An old friend of mine from my home town (actually, the youngest sister of the girl who ruled my heart through most of my high school years), forwarded this email to me. I haven't heard from her in years, but get the occasional email. I always remember her at about 9 years old, and like most old people, I struggle to think that she's now a woman with kids of her own. But I can't help thinking about this cute fun kid with a penchant for Strawberry Shortcake whenever I hear from her. In any case, she forwarded this to me, and I had to share it.

I was home alone one evening when I opened her email and saw this. And, Mr. big horror writer that I am, it sent a shiver down my spine. Not the story -- it's pretty standard stuff. But the photo creeped me out. I was afraid to look over my shoulder and see the spooky-eyed girl standing there. (Love that feeling)


The young man in this photo went to a place called Sundarbans with his friends and he asked his friends to take this photo on this spot. While his friend took the photo, he screamed and fainted, 2 days later he died in the hospital. The doctors said he died from a heart attack. When the photos where developed, in the last photo there was a woman standing next to the young man, even though his friends said there was no one with him when the photo was taken. Many people know of this rumour and the photo is the result of the blessings of technology.

But still, the photo is very mysterious and I'm sure that when you see it you will feel the same as me. A Naval Officer sent it to 13 people and he was promoted within 13 days. A businessman was sent this and he erased it and within 13 days he lost everything. A labourer received this and sent it to 13 people and within days he was promoted and all his problems were solved. So send this to 13 people and good things will come your way.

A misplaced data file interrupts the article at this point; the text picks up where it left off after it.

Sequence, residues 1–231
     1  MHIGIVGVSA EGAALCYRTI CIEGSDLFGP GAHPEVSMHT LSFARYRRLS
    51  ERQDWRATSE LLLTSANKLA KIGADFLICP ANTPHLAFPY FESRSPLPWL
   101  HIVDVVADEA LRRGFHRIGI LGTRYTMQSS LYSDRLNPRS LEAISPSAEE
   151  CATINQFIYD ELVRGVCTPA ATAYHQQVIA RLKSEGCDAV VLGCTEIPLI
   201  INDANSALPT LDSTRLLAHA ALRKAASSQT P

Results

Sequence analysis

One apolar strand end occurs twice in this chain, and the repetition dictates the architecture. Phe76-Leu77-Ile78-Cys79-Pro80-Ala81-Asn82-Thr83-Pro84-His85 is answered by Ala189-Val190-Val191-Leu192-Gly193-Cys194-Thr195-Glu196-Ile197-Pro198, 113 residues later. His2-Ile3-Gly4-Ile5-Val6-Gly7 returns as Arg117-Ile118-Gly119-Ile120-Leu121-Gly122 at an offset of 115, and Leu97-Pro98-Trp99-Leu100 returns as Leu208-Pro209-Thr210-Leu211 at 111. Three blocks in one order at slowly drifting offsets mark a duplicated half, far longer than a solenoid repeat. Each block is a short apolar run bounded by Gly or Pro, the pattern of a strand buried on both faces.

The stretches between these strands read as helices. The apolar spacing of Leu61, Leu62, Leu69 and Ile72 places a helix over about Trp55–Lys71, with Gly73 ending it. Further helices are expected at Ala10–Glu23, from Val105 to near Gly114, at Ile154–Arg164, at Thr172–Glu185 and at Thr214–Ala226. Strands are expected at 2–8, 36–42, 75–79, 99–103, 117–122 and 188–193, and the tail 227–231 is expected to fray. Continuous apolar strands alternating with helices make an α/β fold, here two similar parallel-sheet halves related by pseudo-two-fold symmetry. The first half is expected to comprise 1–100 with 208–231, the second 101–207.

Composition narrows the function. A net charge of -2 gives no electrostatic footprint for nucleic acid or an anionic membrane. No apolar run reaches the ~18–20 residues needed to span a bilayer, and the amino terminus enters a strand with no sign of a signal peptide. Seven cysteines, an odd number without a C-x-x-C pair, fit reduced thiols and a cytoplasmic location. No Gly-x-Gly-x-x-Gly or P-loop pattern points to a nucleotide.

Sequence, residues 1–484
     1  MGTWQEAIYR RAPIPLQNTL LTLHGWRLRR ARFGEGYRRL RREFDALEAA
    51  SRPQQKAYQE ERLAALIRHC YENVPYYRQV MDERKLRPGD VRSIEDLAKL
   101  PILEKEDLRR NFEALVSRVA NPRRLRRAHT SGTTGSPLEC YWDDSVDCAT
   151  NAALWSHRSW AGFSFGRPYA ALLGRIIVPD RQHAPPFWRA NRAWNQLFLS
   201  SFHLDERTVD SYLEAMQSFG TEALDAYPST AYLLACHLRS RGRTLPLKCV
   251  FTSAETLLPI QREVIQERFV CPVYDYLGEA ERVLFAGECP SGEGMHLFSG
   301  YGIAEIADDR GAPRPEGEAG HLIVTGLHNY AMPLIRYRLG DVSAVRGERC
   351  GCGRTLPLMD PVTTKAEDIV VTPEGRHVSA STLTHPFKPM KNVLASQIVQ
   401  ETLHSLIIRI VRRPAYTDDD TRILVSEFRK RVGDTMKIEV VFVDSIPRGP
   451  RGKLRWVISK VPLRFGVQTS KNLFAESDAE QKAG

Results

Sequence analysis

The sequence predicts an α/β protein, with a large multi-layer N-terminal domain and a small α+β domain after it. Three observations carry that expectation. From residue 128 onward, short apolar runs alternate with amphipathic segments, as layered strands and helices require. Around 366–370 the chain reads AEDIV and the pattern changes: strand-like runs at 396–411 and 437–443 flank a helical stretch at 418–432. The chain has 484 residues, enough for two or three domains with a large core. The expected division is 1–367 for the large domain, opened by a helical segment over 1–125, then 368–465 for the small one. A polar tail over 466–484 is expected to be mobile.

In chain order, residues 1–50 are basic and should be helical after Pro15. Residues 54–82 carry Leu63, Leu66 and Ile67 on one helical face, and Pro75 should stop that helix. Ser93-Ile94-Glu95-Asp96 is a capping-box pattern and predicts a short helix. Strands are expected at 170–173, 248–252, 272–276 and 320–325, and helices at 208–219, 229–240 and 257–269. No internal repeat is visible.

So, I thought, since I never forwarded this on to 13 friends, the least I could do it post it here, see if readers of my blog might want to come up with their own 50-100 word tale (or legend) for this story. (Leave it in my comments or slap it on your own blog and let me know so I can link to it) I've got to ensure at least 13 people have seen this, you know.

That way, I've done my part, at least, and that spooky-eyed girl won't come haunting me.

Saturday, April 15, 2006

Thrice Tagged By Tish

I was tagged a couple of weeks ago by Tish -- no, I'm not all that good at playing blog-tag. By the time I do my bit and try to catch anyone, all the other kids have gotten bored and gone home and I'm running around the playground by myself. I kind of liked this particular tag because I haven't played "MeMe Monday" in several weeks, which helps me to grow my "101 Things About Me List" (which also hasn't been built upon for weeks)

3 Names U go By: Mark, Markie Mark, Mad Dog Lefebvre

3 Screen Names U Have Had: Mark Leslie, (the next two go back to the 80’s during my BBS phase on my Commodore-64 using a 200 baud modem) Terminator, Rushian

3 Things U Like about Yourself: Sense of humour, Sense of purpose, The wonderful friends I have

3 Things U Don’t Like about Yourself: Quick temper, Current physical shape, Growing bald spot

3 Parts of Your Heritage: French, Polish, Canadian (just think of all the great jokes)